Herald Tribune - BEIRUT Defying Israel and the United States, Hezbollah's leader, Hassan Nasrallah, appeared at a giant "victory" rally Friday and declared that the militant group still possessed 20,000 rockets and would never disarm.
"No army in the world is strong enough to disarm us," he told a cheering crowd that appeared to number in the hundreds of thousands.
Nasrallah's presence was meant to underscore the idea that Hezbollah had triumphed over Israel, which has vowed to kill him. It was the first time he had been seen in public since July 12, when he announced the capture of two Israeli soldiers in a cross-border raid, the event that precipitated Israel's 34- day invasion of southern Lebanon.
His speech was both a fiery tirade addressed to Israel and the United States and a giddy celebration of Hezbollah's strengthened position within Lebanon since the end of the war.
"During the war, I said we had 11,000 rockets, but it was really more," he told the crowd. "Is it 12,000?" some members of the audience called out.
"Keep counting!" he replied.
"Is it 13?"
"Forget counting!" he said, to hearty laughter. "We haven't even begun rearming, and we have more than 20,000!"
Israeli officials have estimated that Hezbollah has about 10,000 rockets, mostly short-range Katyusha missiles that could not reach Israeli territory if the group is prevented from operating south of the Litani River, the area where a UN-supported peacekeeping force is being deployed under the cease-fire agreement.
At one point in Nasrallah's speech, which was part olive branch, part power-play, he called on the pro-Western governing coalition in Lebanon to step down in favor of a government of national unity - one in which Hezbollah would probably hold more than the two cabinet seats it won in elections last spring. He also warned UN peacekeepers not to spy on "the resistance."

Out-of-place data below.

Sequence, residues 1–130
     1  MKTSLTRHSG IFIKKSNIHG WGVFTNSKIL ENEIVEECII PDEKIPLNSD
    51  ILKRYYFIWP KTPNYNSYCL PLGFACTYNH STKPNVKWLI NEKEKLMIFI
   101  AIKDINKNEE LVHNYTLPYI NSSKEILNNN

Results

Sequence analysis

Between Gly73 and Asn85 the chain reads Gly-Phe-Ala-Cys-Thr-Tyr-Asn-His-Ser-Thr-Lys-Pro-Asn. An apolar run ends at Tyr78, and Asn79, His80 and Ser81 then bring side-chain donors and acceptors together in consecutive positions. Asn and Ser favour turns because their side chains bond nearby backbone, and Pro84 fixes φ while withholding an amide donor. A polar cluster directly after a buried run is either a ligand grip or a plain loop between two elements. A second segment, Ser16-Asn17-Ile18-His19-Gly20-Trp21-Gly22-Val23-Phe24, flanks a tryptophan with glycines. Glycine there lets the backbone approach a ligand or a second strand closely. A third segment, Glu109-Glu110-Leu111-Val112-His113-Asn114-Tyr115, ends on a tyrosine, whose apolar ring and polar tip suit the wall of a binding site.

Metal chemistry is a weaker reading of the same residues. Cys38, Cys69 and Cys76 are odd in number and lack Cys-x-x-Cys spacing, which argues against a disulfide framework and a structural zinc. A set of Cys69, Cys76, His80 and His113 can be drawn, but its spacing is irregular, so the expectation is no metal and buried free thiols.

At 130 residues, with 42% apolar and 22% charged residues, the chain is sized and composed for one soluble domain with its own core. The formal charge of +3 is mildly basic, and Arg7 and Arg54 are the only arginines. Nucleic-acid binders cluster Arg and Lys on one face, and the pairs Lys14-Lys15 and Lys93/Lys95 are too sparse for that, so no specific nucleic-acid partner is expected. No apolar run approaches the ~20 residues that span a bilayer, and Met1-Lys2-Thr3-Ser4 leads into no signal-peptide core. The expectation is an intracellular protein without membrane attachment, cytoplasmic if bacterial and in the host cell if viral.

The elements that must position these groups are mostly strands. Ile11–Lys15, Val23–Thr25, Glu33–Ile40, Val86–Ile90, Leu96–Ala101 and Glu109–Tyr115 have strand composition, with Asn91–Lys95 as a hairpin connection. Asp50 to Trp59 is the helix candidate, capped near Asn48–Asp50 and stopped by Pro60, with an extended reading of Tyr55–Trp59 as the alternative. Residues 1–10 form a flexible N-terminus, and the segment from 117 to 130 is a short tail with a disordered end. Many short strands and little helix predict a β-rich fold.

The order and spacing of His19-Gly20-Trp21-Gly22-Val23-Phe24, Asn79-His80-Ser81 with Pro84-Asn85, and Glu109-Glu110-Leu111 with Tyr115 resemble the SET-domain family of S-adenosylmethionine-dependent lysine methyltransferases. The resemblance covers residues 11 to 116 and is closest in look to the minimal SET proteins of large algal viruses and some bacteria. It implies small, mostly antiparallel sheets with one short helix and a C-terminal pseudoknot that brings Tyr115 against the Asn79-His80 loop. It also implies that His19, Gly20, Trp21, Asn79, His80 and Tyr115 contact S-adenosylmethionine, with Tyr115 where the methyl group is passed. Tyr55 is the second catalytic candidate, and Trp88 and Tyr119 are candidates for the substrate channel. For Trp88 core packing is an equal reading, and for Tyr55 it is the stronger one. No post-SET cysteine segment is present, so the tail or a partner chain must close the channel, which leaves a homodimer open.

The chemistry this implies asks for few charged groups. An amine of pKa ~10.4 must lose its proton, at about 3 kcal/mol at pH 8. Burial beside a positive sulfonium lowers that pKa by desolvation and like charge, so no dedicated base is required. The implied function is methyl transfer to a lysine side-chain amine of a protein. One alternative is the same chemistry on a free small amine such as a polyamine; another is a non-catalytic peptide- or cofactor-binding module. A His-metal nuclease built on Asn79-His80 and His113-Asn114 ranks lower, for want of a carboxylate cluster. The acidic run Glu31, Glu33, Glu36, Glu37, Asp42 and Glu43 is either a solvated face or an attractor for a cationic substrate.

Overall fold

Nasrallah congratulated the crowd for what he called a "divine, historic and strategic victory" over the United States as well as Israel, and said the conflict was "an American war" because Washington provided the weapons, planning and diplomatic support that made possible the Israeli assault on Lebanon's infrastructure.
When the fighting ended, he said, it was not because of the suffering of the Lebanese or any weakness on the part of Hezbollah, but because "the Zionists realized that if it continued, it would be a catastrophe."
"The Americans agreed to stop the war, not for the women, not for the children of the Lebanese - they stopped the war for Israel," he said.
He said the Bush administration had allowed the war to go forward as part of the plan to create "a new Middle East."
"This Middle East was illegitimate," he said, and its defeat has become an inspiration "for people who fight for their freedom and dignity" around the world.
The rally Friday once again demonstrated Hezbollah's organizational abilities, which have allowed it to take the lead in the reconstruction of southern Lebanon, reinforcing the sense that it, rather than the central government, is the dominant force in the country.
Many people at the rally said they had walked to Beirut from southern Lebanon, setting out early in the week.
The vast area in the Beirut suburbs where the event was held was filled with one-piece white plastic chairs that had been set up the day before, with a hat of red, green or white - Lebanon's national colors - on each chair. Thousands of yellow Hamas flags were waved steadily during the speeches and the martial choral music that preceded Nasrallah's surprise appearance.
Some Lebanese have criticized Hezbollah for its role in the start of the war. Shortly after the cease-fire, Nasrallah said in a televised address that the cross-border raid and capture of the two Israeli soldiers was a miscalculation and that he would not have ordered the raid if he had known how fierce the response from Israel would be.
But on Friday he said that part of the Israeli and U.S. plan had been to set the rest of Lebanon against Hezbollah by inflicting widespread punishment. "They thought that we would be divided," he said.